Volume 14, Issue 1: Verbatim
It was a severe morning, and on his way home at noon he did not recover heart enough to practise the
bullfrog's croak, the craft of which Sam Williams had lately mastered to inspiring perfection. This sonorous accomplishment Penrod had determined to make his own. At once guttural andresonant, impudent yet plaintive, with a barbaric twang like the plucked string of a Congo war-fiddle, the sound had fascinated him. It is made in the throat by a process utterly impossible to describe in human words, and no alphabet as yet produced by civilized man affords the symbols to vocalize it to the ear of imagination. "Gunk" is the poor makeshift which must be employed to indicate it.
The most conspicuous point of contact between meaning and poetry is metaphor. For one of the first things that a student of etymology even quite and amateur studentdiscovers for himself is that every modern language, with its thousands of abstract terms and its nuances of meaning and association, is apparently nothing, from beginning to end, but an unconscionable tissue of dead, or petrified, metaphors. If we trace the meanings of a great many wordsor those of the elements of which they are composedabout as far back as etymology can taked us, we are at once made to realize that an overwhelming proportion, if not all, of them referred in earlier days to one of these two thingsa solid, sensible object, or some animal (probably human) activity.
Joss shrugged his shoulders. To attempt to reason further would, he saw, be a waste of time. His companion had spoken of this project of his as an idea, but J.B. Duff did not get ideas, he got obsessions, and on these occasions was like the gentleman in the poem who on honeydew had fed and drunk the milk of Paradise. You just said: "Beware, beware! His flashing eyes, his floating hair!" and wove a circle round him thrice, and that was practically all you could do about it.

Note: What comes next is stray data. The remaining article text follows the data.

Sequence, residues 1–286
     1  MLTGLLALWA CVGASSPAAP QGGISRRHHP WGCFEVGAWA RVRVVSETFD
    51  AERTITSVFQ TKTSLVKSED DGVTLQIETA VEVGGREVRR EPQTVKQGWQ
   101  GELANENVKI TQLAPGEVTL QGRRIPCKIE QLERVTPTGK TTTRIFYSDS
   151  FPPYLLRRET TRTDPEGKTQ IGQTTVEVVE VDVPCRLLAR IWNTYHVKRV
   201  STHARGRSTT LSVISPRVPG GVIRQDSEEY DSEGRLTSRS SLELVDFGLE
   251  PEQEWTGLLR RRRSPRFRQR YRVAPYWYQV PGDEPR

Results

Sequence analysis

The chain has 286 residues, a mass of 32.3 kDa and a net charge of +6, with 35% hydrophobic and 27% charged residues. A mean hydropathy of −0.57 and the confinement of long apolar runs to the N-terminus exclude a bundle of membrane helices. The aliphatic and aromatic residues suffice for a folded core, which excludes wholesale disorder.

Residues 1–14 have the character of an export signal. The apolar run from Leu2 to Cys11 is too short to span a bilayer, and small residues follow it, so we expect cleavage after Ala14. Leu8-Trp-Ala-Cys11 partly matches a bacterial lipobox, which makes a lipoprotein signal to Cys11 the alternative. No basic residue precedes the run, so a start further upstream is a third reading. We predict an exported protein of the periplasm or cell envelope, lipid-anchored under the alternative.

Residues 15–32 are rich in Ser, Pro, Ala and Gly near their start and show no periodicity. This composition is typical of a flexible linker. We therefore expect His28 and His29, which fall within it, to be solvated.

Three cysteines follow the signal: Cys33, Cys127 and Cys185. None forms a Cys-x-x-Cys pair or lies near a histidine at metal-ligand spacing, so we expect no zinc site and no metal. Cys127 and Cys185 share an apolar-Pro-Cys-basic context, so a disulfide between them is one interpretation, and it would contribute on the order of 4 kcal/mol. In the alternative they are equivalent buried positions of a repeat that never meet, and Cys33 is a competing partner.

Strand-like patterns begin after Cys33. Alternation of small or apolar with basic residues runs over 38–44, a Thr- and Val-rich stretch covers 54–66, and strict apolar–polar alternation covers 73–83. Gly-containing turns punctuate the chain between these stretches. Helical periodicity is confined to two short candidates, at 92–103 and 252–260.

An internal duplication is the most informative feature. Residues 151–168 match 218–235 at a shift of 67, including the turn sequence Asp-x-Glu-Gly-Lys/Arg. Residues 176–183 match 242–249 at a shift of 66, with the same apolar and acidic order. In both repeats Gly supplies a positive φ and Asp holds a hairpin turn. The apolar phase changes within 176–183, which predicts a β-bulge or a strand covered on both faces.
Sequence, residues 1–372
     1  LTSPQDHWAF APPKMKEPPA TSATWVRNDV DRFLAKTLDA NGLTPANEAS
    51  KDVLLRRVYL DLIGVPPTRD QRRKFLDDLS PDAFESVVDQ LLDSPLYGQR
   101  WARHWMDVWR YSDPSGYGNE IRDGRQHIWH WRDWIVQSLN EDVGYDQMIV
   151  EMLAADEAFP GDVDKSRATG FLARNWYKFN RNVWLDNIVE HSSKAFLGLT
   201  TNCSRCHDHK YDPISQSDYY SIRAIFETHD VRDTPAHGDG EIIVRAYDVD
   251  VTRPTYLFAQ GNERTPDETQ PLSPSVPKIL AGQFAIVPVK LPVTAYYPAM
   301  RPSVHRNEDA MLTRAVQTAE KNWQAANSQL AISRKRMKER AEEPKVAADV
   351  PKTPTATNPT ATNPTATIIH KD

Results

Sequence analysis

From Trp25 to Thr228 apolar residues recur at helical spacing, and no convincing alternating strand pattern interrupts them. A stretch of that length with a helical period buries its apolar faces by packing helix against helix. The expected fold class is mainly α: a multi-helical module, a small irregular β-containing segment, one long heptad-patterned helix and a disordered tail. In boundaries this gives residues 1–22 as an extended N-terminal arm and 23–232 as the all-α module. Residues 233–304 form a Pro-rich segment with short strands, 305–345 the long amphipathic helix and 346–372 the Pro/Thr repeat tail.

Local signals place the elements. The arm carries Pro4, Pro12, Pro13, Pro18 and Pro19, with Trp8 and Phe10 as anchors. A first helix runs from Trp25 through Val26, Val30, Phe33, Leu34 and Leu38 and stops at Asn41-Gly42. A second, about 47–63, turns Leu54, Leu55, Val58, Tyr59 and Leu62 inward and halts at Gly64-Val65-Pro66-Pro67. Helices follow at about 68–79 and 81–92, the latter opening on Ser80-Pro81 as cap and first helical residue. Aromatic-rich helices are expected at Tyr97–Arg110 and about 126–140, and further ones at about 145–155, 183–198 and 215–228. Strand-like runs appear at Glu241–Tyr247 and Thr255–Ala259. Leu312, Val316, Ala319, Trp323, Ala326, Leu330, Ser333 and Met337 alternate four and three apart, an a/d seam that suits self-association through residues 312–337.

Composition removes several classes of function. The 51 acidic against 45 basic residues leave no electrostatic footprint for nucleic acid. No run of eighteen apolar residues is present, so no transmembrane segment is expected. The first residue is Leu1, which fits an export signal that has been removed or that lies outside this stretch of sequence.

Every metaphor is an allegory in little.
C. S. Lewis
It is a serious mistake to think that metaphor is an optional thing which poets and orators may put into their work as a decoration and plain speakers can do without. The truth is that if we are going to talk at all about things which arenot perceived by the senses, we are forced to use language metaphorically. Books on psychology or economics or politics are as continuosly metaphorical as books of poetry or devotion. There is no other way of talking, as every philologist is aware.
C. S. Lewis
We can make our speech duller; we cannot make it more literal.
C. S. Lewis
Fifteen birds in five firtrees,
their feathers were fanned with a fiery breeze!
But, funny little birds, they had no wings!
O what shall we do with the funny little things?
Burn, burn tree and fern!
Shrivel and scorch! A fizzling torch
To light the night for our delight,
Bake and toast `em, fry and roast `em!
till beards blaze, and eyes glaze;
till hair smells and skins crack,
fat melts, and bones black
in cinders lie
beneath the sky!
So dwarves shall die,
and light the night for our delight,
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